Double Decker Weekend with Freestone Outfitters

Cole deckers

After nine months of hit and miss (mostly miss) fly fishing in the Colorado Rockies, I decided to bite the bullet and hire a guide.  A co-worker recommended Freestone Outfitters saying that they were the best in the Denver Area which was enough for me.  I called owner Dave Lovell and, at around 10:45 that night I got the call back.  He had just gotten home from guiding a guy from noon until dark that had flown in from Orlando just to fish and Dave was hoping to just get my voicemail.  We discussed dates and times and eventually settled in on a Saturday a week and a half away when I would have my Louisiana buddy, Kyle Marks, in town to fish.  Even with four full time guides and a pool of almost twenty part-timers, we lucked out to secure a guide on short notice in July.  Dave and his full time guides stay booked almost seven days a week during the summer months and have to pull from the part time crew to keep the customers satisfied.  He lamented that he already had a trip booked that day but, promised that one of his other guides was very experienced and happened to have an opening.  The next day I got a call from Chris Barry, one of the full time guides, who encouraged an early start to take advantage of the daily hatch of Tricos.  Not really knowing what Tricos were but, eager to get in on any “hatch” I quickly agreed.

Kyle Marks, South Platte River, Colorado.

Kyle Marks, South Platte River, Colorado.

Saturday morning, we met up with Chris after a nice breakfast of biscuits and gravy and headed down to the South Platte River.   The area we were fishing known as “Deckers” is a stretch of the South Platte River between Cheeseman Lake and Strontia Springs Reservoir that is well known as a fly fishing destination.  Along with the popular “Dream Stream”, Deckers is stretch in a series that connects a number of reservoirs and lakes before dumping out of the Mountains and into Denver.  Being so near Denver, the fish on these stretches see a ton of fishermen and are more educated beyond your typical Rocky Mountain trout. I learned that the hard way and, was glad to have Chris at my disposal for a day.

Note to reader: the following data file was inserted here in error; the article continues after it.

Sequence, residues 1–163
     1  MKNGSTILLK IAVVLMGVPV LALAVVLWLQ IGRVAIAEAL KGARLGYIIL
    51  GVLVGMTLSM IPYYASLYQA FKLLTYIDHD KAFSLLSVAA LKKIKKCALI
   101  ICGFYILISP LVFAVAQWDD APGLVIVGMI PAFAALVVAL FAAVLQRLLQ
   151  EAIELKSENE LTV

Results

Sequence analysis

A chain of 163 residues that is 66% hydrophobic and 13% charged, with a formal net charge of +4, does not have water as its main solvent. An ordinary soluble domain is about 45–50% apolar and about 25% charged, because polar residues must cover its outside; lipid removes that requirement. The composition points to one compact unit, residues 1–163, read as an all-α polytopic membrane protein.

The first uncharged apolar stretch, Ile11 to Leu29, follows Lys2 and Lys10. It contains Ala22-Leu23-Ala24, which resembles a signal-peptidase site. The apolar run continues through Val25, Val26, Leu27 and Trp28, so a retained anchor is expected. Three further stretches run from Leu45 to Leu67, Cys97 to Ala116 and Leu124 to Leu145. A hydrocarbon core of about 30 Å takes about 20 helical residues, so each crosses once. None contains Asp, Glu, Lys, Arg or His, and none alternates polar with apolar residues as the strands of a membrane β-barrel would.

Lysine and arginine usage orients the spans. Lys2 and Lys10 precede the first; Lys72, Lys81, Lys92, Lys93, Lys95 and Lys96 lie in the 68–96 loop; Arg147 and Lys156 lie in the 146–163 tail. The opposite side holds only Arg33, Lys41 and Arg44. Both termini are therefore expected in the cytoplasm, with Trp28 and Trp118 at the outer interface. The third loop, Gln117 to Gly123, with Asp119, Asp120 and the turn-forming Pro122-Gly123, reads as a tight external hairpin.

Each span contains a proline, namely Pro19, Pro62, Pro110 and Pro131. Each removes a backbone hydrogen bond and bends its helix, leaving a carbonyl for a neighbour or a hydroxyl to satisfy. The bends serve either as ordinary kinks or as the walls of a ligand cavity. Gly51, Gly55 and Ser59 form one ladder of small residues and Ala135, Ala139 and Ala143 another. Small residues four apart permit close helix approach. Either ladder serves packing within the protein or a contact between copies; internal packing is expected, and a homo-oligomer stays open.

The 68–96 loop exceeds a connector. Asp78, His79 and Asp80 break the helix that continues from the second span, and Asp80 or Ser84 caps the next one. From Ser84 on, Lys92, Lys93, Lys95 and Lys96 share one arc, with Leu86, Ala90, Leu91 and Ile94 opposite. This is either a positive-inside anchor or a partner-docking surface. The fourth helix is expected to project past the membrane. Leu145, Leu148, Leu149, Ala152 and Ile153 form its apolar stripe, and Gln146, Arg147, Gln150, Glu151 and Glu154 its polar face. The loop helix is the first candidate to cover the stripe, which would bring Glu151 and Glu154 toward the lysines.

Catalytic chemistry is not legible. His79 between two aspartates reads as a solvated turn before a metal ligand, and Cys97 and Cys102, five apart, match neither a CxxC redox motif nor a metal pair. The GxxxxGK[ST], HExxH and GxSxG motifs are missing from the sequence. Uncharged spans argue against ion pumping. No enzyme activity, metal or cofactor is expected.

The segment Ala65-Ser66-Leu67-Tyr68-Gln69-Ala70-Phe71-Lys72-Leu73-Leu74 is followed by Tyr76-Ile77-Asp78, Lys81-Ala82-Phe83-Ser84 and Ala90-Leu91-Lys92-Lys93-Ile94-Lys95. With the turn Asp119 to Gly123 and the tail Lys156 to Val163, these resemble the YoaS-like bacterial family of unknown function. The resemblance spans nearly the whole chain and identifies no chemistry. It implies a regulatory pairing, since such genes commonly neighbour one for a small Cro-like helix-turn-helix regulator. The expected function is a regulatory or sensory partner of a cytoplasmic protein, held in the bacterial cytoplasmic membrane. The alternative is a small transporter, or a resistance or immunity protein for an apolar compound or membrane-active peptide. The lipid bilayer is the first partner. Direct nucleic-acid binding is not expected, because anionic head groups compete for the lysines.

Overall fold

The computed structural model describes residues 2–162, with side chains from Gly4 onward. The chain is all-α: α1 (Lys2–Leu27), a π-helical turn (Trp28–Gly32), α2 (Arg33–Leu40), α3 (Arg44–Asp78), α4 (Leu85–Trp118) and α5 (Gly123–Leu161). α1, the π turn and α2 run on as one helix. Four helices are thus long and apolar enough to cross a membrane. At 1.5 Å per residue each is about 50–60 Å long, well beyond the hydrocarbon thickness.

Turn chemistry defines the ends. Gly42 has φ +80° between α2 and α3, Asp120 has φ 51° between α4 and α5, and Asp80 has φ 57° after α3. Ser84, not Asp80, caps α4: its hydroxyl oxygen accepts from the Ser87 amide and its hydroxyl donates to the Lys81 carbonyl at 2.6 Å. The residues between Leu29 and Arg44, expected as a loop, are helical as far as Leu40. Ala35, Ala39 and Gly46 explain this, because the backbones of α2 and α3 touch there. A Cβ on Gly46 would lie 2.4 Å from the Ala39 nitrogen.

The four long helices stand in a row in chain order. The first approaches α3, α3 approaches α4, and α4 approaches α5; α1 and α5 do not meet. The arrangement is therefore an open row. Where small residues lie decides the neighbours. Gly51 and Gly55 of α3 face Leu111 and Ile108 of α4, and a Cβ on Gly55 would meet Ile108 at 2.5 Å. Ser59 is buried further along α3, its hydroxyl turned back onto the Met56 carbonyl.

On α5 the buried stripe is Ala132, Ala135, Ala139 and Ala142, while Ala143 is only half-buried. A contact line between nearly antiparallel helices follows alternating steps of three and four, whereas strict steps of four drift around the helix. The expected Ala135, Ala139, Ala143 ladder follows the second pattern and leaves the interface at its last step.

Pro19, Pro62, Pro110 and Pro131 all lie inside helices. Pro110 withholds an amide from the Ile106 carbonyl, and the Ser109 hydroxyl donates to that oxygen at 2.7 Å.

kyle fishing

After gearing up, we were the first anglers on the river as far as we could tell.  He placed the two of us on either side of a deep run of the River.  Equipped with a setup of Pink San Juan worm and Trico nymph, we dredged the deep hole just below some riffles.  After a dozen or so casts without any action, Chris directed us upstream to more shallow water.  At that point, we came in contact with the Trico swarm.  Trico, I learned, are tiny black winged insects that emerge from the water by the thousands to engage in a mating dance that could easily be overlooked by the non-observant fisherman.  Even in those numbers, it would have been easy to look out over that stretch of water without giving much thought to the multitude of sex-crazed mosquito sized bugs (if insect mating can be classified as sex.) When these amphibious insects are swarming, you can bet that the trout are taking full advantage of the opportunity.

And this is what a Trico looks like.

And this is what a Trico looks like.